Most often, Russians get their first job at the age of 18 to 21 (42% of respondents). In turn, 36% started working earlier, at the age of 14-17, while 6% received their first work experience at the age of 10-13, and 2% even tried to earn their first money before the age of 9.
As specified in the study, men in Russia usually start working earlier than women (on average at 17.2 years versus 18.3). The average age of first employment is lowest among millennials – people who are now under 24 started their careers at an average of 17.1 years – and highest among those who are now 35 to 44 years old (they started to work when they were 18.3).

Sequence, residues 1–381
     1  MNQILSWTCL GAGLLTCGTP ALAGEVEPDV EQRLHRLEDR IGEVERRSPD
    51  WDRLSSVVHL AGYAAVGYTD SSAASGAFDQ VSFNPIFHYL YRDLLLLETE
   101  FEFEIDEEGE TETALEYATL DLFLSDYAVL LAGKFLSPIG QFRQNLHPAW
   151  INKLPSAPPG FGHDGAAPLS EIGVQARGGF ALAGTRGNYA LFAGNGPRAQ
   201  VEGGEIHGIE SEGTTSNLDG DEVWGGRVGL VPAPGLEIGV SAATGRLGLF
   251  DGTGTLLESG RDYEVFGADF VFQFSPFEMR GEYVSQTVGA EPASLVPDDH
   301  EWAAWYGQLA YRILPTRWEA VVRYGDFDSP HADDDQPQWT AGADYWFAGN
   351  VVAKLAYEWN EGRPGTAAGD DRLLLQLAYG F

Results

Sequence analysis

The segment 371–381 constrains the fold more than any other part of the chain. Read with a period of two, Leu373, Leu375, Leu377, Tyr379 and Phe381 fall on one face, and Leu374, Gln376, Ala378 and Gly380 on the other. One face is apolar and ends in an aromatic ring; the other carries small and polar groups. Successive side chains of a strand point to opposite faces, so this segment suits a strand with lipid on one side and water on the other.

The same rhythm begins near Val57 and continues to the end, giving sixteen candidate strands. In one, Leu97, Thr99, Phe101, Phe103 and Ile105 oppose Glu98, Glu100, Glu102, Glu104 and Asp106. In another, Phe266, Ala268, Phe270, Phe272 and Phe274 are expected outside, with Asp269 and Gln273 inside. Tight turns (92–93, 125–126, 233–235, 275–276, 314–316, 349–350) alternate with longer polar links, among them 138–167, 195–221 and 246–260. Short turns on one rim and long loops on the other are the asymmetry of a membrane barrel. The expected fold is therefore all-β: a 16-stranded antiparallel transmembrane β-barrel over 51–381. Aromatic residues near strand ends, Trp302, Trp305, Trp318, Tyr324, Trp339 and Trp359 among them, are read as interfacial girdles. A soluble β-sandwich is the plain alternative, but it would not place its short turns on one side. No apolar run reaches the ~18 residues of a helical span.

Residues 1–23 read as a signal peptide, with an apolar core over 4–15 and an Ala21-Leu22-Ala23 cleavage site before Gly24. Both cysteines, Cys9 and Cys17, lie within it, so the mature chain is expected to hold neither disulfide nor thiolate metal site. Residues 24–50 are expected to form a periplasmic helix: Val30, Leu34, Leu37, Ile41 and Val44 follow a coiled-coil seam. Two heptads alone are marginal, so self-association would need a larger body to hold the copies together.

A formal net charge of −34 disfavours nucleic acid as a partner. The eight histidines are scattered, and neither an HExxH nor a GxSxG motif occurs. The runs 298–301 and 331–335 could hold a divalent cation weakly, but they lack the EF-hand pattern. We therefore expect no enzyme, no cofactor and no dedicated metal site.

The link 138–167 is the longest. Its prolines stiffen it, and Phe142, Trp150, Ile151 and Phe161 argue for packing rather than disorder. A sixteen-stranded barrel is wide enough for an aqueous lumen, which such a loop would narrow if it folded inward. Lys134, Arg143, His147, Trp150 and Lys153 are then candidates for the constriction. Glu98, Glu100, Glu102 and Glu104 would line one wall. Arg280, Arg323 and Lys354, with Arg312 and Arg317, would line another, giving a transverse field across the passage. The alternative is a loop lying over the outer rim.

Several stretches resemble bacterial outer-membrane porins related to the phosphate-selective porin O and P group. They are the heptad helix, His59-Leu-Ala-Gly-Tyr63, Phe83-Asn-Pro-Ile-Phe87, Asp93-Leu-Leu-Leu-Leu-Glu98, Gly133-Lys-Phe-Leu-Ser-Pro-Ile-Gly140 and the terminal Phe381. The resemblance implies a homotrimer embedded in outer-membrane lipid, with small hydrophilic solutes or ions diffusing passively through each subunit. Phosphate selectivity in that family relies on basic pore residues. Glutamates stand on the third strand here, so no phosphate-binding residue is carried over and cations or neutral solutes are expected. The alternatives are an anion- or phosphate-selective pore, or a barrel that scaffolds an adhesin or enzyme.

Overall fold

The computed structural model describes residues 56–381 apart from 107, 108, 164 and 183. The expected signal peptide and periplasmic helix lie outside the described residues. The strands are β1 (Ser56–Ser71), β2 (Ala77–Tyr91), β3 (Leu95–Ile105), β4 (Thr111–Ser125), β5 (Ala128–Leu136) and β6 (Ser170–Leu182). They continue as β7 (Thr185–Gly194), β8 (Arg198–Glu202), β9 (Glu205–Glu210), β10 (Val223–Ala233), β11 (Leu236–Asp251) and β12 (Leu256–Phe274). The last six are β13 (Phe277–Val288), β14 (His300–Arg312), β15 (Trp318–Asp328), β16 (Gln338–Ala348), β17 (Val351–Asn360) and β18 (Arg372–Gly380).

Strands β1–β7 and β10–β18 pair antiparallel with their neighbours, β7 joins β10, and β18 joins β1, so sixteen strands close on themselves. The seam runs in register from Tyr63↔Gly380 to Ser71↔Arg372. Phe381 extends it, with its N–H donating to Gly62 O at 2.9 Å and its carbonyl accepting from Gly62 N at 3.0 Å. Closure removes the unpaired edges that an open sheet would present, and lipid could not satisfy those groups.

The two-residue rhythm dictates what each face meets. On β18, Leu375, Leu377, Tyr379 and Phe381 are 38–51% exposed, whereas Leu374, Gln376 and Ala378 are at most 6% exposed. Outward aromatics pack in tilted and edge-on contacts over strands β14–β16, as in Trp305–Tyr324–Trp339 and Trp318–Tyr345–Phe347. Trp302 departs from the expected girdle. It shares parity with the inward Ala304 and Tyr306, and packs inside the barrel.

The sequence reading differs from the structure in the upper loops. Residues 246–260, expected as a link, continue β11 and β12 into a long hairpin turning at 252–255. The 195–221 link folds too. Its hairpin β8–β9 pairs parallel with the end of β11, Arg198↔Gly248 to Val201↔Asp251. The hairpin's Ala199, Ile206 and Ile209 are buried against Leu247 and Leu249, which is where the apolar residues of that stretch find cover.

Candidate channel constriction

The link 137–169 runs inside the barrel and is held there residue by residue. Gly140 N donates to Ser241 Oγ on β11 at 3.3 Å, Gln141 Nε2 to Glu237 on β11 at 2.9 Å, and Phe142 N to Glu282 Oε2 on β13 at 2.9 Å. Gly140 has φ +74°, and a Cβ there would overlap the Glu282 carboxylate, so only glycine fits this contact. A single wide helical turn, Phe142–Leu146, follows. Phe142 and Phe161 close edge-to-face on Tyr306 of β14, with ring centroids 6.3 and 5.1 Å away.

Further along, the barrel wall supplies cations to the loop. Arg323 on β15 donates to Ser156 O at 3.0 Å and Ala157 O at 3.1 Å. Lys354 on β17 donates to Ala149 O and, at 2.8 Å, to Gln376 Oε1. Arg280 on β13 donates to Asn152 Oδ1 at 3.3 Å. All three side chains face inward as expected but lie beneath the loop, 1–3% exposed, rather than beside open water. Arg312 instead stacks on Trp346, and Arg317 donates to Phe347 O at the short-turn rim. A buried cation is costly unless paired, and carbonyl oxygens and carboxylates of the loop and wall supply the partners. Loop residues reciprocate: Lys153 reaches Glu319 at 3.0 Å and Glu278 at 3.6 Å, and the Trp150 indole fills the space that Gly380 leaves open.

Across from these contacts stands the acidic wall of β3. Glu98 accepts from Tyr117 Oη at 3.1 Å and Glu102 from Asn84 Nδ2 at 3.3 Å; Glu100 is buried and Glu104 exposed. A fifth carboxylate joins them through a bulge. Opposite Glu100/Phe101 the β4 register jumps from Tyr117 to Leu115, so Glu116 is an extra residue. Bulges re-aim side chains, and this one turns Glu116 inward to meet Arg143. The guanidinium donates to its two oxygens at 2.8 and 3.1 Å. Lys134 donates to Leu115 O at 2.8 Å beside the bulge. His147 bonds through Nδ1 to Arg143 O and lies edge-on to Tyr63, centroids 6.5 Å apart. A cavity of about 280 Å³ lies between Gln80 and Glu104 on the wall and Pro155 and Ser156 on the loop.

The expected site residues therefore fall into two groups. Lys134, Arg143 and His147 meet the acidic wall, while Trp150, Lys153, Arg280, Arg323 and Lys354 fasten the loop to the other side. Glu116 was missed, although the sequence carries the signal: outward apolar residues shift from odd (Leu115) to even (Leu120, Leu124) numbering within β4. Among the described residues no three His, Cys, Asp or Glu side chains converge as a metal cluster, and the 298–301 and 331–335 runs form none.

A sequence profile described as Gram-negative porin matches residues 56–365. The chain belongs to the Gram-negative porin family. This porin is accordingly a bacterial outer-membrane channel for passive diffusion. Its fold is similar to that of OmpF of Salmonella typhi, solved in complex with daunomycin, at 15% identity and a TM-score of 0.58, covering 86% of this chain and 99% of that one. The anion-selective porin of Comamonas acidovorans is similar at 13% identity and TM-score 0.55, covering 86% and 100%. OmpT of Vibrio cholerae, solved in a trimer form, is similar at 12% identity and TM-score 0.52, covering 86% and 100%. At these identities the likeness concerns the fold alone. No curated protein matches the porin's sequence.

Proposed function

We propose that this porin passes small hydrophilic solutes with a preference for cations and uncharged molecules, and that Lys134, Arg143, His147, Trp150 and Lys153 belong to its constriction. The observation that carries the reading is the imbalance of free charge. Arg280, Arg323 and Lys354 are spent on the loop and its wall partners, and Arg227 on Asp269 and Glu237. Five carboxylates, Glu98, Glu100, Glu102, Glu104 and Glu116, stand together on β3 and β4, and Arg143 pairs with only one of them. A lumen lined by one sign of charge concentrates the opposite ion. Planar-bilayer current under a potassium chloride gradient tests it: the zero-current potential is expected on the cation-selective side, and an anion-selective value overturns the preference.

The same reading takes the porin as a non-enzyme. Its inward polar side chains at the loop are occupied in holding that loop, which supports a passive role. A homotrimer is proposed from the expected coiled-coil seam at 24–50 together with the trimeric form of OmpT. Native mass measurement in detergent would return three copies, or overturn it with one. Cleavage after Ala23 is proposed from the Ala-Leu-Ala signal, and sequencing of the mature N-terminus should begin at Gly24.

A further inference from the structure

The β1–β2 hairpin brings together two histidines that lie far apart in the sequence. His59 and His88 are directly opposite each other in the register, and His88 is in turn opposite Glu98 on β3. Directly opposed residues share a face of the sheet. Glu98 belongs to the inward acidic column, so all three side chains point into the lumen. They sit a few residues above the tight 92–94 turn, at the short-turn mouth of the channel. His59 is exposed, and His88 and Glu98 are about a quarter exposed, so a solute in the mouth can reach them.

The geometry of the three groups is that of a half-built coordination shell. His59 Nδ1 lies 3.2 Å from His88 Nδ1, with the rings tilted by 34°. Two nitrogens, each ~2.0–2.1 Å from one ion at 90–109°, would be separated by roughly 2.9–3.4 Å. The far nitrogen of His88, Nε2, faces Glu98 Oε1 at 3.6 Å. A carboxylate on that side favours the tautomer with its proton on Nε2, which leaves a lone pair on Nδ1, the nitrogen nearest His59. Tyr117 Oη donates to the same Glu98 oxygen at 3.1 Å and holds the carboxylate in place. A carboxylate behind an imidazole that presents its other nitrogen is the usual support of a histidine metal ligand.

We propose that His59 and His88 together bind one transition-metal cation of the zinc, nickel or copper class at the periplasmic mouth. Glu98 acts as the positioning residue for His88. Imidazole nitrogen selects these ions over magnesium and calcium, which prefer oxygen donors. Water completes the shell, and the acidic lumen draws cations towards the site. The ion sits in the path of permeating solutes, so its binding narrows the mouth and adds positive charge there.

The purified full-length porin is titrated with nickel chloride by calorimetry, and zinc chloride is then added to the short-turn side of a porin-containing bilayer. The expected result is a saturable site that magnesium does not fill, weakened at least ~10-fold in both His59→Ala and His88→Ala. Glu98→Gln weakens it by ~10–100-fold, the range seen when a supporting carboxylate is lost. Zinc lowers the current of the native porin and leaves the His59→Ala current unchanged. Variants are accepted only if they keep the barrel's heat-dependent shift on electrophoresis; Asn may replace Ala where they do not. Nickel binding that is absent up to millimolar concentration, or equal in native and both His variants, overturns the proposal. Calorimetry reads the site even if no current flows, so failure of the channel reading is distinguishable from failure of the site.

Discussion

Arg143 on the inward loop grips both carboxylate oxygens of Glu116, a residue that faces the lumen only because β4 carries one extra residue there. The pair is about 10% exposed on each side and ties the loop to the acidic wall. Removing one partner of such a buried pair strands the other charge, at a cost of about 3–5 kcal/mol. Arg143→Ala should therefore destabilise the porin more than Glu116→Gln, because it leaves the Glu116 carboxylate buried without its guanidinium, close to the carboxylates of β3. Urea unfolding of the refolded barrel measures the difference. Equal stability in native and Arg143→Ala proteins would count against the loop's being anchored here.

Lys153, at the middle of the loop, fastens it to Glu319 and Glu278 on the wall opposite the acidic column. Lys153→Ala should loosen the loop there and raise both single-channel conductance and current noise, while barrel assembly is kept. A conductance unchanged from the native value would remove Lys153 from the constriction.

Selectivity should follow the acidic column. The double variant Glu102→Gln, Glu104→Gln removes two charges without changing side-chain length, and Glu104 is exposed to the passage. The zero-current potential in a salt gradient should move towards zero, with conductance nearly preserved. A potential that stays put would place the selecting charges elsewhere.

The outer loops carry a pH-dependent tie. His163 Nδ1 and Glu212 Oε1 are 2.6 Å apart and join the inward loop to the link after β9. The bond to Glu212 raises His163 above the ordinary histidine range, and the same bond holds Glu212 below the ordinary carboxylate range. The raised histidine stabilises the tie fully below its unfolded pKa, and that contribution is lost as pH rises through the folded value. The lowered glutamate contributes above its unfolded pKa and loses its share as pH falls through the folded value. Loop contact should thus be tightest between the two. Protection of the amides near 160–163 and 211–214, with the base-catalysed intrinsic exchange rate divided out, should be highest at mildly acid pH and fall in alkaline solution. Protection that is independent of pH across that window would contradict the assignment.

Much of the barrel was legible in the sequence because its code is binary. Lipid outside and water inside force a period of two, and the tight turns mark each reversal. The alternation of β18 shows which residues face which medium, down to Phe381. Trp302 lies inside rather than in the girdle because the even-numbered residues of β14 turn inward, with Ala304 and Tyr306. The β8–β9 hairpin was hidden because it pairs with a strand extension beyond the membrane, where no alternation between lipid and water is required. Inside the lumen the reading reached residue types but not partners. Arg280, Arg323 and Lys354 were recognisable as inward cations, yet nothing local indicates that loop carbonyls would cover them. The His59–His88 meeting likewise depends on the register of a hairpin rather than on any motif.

The respondents who now work as doctors and pharmacists received their first work experience later than others (on average at 19.9 and 19.5 years, respectively). Programmers start working at the age of 19, accountants, purchasing managers and designers – a few months earlier.
At the youngest age, deliverymen (at 14.9 years old), waiters (at 15.5 years old), and dispatchers (at 16.8 years old) began to work.